Rostec, a Russian state-controlled high-tech industrial holding, has announced its plans to explore business opportunities and participate in developing new technologies and equipment for Bazhen tight oil project in Khanty-Mansi autonomous district, reports Interfax news agency.
“Rostec is our strategic partner,” says Alexey Zabozlaev, vice-governor of Khanty-Mansi autonomous district. “We will cooperate with Rostec on several regional projects, including the development of the Arctic Urals region and the tight oil Bazhen project.”
Rostec manages a large portfolio of high-tech industrial companies operating in military, communications, transportation and other sectors. The company was set up in 2007 in order to facilitate the development, production and export of high-tech industrial products in Russia. Rostec’s portfolio includes such companies as Kamaz, Russian Helicopters, Kalashnikov Concern, High Precision Systems, United Engine Corporation and many others.
Earlier this year Gazprom Neft, a Russian oil and gas major that holds several licenses for tight oil exploration and production at Bazhenov formation, reported that by 2021 the company would invest 7.5 billion rubles (around $120 million) in R&D, aimed at developing new technologies for the project, reported TASS. Kirill Strezhnev, head of Bazhen project at Gazprom Neft, said that the dedicated enterprise, Bazhen Technological Centre Ltd., would be set up by August 2018. Under its umbrella, around 15 companies would be formed, each of them aimed at developing a particular set of technologies for the project. Gazprom Neft also invited other Russian oil and gas majors to join its R&D efforts.
Gazprom Neft’s R&D centre. Image credit: Gazprom Neft
In May 2017 the Ministry of Energy of Russia granted Gazprom Neft’s project of “Developing Domestic Technologies and High-technology Equipment to Develop Reserves at the Bazhenov Formation” the status of a national project. The company intends to develop technologies for multi-stage horizontal wells construction, as well as strategies for producing light shale oil using thermochemical oil recovery method.
The “Bazhenov formation” is a geological formation in Western Siberia that covers an area of approximately one million square kilometres, running to depths of 2,000–3,000 metres. Gazprom Neft estimates oil reserves of the Bazhenov reservoir at 100–170 billion metric tonnes. The reserves of Bazhenov Formation are classified as unconventional, commonly known (even though technically incorrect) as “shale oil”.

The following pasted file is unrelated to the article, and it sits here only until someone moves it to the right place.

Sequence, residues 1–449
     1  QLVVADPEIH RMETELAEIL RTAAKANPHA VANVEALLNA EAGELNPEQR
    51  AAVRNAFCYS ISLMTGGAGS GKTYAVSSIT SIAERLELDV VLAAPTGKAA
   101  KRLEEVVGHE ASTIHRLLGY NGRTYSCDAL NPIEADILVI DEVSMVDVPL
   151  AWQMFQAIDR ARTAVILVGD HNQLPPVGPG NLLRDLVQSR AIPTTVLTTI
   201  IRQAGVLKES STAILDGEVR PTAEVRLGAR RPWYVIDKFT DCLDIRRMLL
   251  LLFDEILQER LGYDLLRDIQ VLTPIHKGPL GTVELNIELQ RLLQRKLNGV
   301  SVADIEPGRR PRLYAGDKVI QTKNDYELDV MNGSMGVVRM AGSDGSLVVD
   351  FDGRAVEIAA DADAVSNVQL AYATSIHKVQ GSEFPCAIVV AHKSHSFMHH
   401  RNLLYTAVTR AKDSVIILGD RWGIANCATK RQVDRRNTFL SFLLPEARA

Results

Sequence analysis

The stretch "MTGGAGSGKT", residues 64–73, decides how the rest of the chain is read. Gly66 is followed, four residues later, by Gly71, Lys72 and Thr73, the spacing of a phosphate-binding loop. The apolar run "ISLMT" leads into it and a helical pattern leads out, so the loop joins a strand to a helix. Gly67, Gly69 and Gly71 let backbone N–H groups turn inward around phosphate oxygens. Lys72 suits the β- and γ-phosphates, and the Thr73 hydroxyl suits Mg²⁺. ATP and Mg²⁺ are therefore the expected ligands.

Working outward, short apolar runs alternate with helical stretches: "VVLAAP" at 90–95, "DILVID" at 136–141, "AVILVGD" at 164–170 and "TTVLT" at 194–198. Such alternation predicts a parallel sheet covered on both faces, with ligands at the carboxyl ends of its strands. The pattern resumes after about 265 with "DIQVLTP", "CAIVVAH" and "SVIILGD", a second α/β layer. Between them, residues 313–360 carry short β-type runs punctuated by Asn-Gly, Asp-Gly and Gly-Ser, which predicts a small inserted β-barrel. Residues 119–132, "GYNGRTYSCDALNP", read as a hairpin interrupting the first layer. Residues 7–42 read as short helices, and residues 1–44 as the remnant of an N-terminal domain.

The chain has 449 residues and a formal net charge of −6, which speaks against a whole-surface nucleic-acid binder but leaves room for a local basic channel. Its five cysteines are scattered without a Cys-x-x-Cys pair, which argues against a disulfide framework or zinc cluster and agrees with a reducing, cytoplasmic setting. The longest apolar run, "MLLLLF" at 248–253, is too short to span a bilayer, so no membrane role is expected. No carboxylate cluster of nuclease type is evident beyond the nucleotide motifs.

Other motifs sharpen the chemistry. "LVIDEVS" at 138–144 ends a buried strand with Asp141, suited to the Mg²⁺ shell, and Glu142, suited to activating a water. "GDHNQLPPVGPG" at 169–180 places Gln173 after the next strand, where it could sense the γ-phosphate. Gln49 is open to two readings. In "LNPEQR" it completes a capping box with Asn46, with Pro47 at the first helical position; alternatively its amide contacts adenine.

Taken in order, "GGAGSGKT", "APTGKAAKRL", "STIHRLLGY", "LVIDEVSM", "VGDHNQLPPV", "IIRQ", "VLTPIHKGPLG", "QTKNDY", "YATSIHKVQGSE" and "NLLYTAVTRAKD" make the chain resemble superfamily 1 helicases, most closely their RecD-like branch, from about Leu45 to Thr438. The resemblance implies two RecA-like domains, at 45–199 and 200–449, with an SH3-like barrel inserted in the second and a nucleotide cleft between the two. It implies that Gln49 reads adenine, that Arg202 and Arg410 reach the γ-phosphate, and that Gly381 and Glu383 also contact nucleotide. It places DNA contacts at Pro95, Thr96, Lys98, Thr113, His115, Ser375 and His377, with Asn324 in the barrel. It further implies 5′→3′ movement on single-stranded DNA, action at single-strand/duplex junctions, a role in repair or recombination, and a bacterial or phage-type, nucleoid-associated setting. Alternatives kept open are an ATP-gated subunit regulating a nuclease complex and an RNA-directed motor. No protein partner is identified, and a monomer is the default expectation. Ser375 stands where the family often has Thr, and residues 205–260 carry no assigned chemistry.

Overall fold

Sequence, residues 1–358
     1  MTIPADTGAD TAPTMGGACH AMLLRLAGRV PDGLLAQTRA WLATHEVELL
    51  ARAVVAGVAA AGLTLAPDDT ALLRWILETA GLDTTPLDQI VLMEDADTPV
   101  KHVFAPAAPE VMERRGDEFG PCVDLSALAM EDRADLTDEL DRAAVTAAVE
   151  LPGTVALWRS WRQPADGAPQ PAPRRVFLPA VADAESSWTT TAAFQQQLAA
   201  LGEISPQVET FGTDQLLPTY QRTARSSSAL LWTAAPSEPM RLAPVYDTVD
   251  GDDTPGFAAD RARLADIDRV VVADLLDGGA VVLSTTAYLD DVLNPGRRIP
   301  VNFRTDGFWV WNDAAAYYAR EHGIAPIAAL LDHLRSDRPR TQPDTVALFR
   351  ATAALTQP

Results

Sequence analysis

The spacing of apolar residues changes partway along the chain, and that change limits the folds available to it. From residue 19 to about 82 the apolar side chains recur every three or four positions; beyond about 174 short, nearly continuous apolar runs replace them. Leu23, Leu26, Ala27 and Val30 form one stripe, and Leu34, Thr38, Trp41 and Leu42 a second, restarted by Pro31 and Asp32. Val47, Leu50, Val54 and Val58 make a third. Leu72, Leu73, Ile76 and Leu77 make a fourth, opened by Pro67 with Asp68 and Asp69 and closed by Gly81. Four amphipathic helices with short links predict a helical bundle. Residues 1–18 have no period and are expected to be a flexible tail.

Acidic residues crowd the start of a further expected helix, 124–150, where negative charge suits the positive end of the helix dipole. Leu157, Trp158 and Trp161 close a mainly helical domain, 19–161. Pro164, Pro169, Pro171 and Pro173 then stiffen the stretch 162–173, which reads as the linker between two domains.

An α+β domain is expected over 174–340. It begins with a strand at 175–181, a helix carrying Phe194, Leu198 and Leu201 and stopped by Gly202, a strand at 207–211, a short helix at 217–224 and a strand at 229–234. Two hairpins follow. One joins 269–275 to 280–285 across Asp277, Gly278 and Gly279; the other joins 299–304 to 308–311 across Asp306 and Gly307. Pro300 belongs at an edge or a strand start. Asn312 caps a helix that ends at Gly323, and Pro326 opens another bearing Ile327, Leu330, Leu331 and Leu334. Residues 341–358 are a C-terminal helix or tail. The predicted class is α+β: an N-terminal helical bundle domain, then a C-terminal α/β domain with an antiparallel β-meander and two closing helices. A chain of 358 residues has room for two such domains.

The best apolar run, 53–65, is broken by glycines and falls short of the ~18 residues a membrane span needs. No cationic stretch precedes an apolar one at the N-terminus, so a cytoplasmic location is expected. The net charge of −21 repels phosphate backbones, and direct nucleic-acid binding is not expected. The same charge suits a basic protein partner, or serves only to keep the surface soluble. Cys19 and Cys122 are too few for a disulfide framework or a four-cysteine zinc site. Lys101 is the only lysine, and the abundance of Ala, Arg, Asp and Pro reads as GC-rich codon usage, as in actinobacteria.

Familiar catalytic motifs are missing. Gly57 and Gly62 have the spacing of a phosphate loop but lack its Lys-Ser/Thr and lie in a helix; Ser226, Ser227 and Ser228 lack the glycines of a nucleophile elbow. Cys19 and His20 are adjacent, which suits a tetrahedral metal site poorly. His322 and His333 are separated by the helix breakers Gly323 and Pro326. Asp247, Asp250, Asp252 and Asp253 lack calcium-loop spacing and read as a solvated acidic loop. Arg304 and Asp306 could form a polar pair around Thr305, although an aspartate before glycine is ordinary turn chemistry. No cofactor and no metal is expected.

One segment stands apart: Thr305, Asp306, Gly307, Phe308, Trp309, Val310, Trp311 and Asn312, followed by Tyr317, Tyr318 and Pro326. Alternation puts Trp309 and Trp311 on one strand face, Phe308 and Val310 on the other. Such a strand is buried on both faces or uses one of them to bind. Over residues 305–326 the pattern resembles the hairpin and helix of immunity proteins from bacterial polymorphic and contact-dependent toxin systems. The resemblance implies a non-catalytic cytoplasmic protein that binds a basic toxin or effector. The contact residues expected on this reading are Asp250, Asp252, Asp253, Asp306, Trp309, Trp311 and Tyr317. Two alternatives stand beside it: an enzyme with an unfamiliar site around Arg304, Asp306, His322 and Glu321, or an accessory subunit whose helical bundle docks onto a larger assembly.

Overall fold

Initially, Gazprom Neft planned to produce shale oil at Bazhenov formation jointly with Shell. However, the international major withdrew from the project in 2014 following the E.U. and the U.S. sanctions that prohibited the supply of technologies and equipment for shale oil exploration and production projects in Russia. Another international major that cancelled its participation in Bazhenov formation development was Total. In May 2014 Total and Lukoil formed a joint venture to explore for and produce tight oil on four licence blocks at Bazhenov formation that covered the area of 2700 square kilometres. However, in 2015 Total withdrew from the project due to the sanctions. According to industry analysts, Total’s participation in the project was crucial because it had hydraulic fracturing technologies needed for shale oil production. Mikhail Cherevko, the chief engineer for one of Gazprom Neft’s drilling unit, said to Financial Times that western oilfield services companies, such as Schlumberger and Halliburton, “are [also] afraid to touch the Bazhenov as if it was on fire”.
Alexey Vashkevich, exploration director at Gazprom Neft, says that the main limiting factor for the project development is the sanctions-based technology restrictions, listing kits for multi-stage fracking, pumps and well completion systems as the main equipment shortages. There is currently no Russian equipment of sufficient quality to replace western supplies. “The experience we have gained is quite positive, but we cannot go ahead with large-scale development of the Bazhenov because we are held back by the problem of equipment,” he said to FT. Industry experts agree that due to the lack of available technologies the large-scale development of the Bazhenov project will be postponed for at least five years.
However, Gazprom Neft is widely regarded by analysts as being the Russian oil company with the most advanced in-house shale technology, so the company is determined to develop resources of Bazhen alone. “It’s not a question of will we do it or not: it’s a question of time,” says Alexey Vashkevich. “It might take a little bit longer but we will get there.”
Engagement of Rostec in developing new technologies for the Bazhen reflects the importance given to domestic shale oil production by the Russian government. While production at mature conventional oilfields in Western Siberia is decreasing, development of the region’s unconventional resources would allow Russia to keep its oil production at the current level and remain one of the largest oil exporters in the world. As in the case of shelf projects, sanctions imposed by the western governments on Russian unconventional oil sector in 2014 would most likely trigger the active development of domestic technologies for shale oil production, including horizontal drilling and hydraulic fracturing. For example, import-substitution plans of the Russian government are aimed at reducing the share of foreign companies in the directional and horizontal drilling segment from 60-83% in 2014 to 40-60% in 2020. We can expect that the sanctions will halt development of tight oil resources in Russia in the short-term, however, in the mid- to long-term perspective western oilfield service companies risk to lose a significant share of the Russian market.